How to stop lying

“How do I look?” Your best friend’s face is aglow with hope as she waits for your affirmative reply. Inwardly you cringe, hating to hurt her with the truth or hurt yourself by telling a lie.

“F-fine,” you stutter, sinking into silent shame. And so the cycle continues as you keep on saying things you don’t mean to make life a little easier for the time being.

Telling lies is a bad habit that virtually everyone indulges on occasion. While many people do it to protect others’ feelings, as in the above scenario, others tell falsehoods for reasons stemming from self-interest if not downright deception.

Most of us don’t enjoy practicing deception, but lying is a difficult habit to break. If you’re trying to get better at telling the truth, the following suggestions may be able to help:

  1. Check your feelings. When you start to respond to someone with false information, you may feel physiological symptoms. Your gaze may drop, your heart may pump harder, your face may redden, and your hands may clench. Become aware of these and other symptoms, and the next time you’re tempted to lie, check to see if your physical condition reflects this internal agitation. Use those symptoms as a boundary that will not let you go further in falsehood. Catch yourself and change your wording to reflect greater accuracy instead of deception.
  2. Avoid situations where you’re tempted to tell a lie. If certain friends provoke you into exaggerating your claims to greatness, such as amount of weight loss, exploits with the opposite sex, or school grades, stay away from them. Find new friends who will accept you as you are. Or if you are tempted to lie to your spouse about how much money you spent on groceries, work out a budget and follow it. Don’t keep falling into the same traps that prompt you to lie.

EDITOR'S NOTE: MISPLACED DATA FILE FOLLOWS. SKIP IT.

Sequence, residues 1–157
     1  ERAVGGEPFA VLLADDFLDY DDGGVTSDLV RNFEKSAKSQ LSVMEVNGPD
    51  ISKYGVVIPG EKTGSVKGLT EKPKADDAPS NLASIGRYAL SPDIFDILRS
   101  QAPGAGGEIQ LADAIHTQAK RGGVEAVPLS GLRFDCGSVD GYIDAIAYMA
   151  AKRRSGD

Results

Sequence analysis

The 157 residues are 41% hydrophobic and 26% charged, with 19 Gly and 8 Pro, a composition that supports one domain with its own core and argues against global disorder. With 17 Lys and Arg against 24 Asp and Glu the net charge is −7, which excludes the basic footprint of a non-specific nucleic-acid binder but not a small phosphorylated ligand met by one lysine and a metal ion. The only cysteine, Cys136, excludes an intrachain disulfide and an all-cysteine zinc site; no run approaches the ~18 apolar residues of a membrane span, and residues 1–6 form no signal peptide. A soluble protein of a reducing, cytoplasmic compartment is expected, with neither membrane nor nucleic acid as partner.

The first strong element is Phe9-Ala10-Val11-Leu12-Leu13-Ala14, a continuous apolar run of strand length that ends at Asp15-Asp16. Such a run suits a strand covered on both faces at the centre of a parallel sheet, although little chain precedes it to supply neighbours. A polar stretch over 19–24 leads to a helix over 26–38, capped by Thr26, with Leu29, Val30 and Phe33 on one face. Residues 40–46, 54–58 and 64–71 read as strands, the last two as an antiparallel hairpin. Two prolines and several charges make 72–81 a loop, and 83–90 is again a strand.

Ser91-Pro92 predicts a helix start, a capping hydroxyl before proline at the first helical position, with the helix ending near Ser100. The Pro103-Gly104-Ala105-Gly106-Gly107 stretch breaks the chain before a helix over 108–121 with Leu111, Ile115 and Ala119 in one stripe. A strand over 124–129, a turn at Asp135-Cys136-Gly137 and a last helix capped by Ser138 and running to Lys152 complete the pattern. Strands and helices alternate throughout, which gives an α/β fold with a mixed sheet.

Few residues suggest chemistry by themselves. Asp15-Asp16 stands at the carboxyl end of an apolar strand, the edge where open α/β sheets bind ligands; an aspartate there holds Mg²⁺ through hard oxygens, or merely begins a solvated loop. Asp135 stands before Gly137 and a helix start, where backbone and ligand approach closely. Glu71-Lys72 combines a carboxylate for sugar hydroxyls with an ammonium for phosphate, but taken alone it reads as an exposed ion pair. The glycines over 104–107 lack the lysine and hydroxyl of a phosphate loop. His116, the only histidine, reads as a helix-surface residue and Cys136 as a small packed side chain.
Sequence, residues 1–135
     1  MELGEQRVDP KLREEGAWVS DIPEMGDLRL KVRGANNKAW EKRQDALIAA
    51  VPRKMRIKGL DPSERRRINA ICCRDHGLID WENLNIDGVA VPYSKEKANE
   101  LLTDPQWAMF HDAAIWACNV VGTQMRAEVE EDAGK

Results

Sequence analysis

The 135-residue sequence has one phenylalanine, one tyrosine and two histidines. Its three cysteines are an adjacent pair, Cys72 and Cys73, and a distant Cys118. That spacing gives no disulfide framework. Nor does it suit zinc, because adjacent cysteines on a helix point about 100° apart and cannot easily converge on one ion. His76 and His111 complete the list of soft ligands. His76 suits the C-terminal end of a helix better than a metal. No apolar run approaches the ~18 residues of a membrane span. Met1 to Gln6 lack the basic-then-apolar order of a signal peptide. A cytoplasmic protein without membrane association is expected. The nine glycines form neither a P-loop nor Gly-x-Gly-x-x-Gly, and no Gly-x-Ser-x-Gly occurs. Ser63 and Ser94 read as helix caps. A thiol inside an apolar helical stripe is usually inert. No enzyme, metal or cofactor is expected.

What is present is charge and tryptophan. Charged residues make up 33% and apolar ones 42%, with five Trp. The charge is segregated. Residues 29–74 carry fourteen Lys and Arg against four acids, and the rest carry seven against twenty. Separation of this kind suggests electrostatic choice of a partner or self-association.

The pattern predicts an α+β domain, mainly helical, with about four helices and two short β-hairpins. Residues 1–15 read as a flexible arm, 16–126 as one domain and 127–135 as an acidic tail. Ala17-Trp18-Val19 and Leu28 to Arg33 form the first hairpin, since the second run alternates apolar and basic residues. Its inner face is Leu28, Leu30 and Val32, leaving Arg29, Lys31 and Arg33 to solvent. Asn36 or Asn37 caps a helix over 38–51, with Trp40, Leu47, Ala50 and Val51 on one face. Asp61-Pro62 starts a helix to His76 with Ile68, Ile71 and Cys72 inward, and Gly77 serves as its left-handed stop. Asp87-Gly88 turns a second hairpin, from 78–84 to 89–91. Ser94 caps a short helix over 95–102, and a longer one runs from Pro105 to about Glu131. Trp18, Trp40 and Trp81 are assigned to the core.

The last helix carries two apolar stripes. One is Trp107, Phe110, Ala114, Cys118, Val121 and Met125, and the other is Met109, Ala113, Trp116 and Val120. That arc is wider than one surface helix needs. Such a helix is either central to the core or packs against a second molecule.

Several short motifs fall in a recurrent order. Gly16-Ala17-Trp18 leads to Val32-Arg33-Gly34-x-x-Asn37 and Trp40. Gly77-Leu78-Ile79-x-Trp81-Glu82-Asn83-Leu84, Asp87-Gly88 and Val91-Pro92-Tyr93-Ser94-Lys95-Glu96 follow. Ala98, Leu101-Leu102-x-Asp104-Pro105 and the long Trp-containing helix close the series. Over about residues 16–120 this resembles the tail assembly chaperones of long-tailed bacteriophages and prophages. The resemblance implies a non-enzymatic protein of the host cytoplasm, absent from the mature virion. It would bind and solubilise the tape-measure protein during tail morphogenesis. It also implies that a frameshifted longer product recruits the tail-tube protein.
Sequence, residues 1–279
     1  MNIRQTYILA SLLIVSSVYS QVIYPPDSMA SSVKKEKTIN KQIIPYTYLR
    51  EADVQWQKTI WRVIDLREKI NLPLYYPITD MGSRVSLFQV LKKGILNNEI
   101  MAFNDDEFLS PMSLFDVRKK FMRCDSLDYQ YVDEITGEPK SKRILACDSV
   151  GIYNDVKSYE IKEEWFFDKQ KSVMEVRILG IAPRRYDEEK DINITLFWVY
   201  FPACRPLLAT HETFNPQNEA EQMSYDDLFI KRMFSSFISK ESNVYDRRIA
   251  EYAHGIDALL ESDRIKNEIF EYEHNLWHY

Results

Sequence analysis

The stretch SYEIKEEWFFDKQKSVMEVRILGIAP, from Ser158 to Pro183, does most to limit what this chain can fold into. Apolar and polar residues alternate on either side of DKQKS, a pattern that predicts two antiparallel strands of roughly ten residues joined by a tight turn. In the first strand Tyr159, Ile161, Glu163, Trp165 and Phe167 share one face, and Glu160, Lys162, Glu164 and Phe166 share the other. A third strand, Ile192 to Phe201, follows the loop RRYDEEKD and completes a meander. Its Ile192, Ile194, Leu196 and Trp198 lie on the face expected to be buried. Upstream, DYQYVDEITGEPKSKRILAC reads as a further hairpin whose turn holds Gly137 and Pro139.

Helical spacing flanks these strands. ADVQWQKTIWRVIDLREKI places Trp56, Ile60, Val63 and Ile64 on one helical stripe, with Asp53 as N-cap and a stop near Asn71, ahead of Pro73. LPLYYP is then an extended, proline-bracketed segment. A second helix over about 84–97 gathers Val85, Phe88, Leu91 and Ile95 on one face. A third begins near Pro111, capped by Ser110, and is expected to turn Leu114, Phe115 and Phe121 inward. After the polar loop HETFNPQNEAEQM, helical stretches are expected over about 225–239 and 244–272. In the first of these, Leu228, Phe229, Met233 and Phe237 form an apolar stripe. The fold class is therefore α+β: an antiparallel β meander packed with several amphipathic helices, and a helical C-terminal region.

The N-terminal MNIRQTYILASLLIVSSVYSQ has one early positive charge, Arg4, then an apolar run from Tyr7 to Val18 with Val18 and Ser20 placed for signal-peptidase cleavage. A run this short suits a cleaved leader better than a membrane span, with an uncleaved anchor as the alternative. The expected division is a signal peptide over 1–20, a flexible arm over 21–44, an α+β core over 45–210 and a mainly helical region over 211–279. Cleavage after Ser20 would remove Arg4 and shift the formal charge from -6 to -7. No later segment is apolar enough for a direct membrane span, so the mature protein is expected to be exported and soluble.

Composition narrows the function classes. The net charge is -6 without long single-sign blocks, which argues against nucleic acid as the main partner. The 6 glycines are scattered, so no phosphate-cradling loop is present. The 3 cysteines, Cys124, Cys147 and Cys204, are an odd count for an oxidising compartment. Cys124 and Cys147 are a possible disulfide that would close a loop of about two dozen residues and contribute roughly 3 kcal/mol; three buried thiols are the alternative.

3. Practice apologizing. When you catch yourself in a lie, make a point of correcting your words to another person:

“I’m sorry. That isn’t quite right. What I meant to say is ….”

Or try phrasing like this:

“No, I didn’t actually get the work done, to be honest. But I expect to finish it up today.”

Making yourself speak the truth, even if it means changing your story, will help you become more apologetic and truthful. You will start feeling more comfortable in saying difficult things when you find that nothing terrible happens when the truth is told. And others will come to trust you, so that sharing negative views will become easier.

  1. Get an accountability partner. Ask a close friend or family member to hold you accountable for your efforts to stop lying. Meet weekly to report on your progress, giving specific examples of what worked and what didn’t, and asking for help in particular ways:

“I’m sorry, Hank, but I slipped up with Sarah again. I told her I’d call by 9 p.m. when I knew I wouldn’t be home until later, when it was too late to call.”

Hank may be able to offer advice for dealing with a certain situation, or he might suggest ways of avoiding the problem.

  1. Finally, reward yourself for measurable success. One way is to start by counting the number of lies you tell in a week’s time, say 20. After a couple of weeks at trying to reduce this number, you count up remaining lies for the next few weeks and find an average of 11. Take yourself out for an ice cream sundae or the latest best seller, and ask your accountability partner along.

Telling the truth can be painful, but it’s far better to feel a pinch now than a hard slap later.

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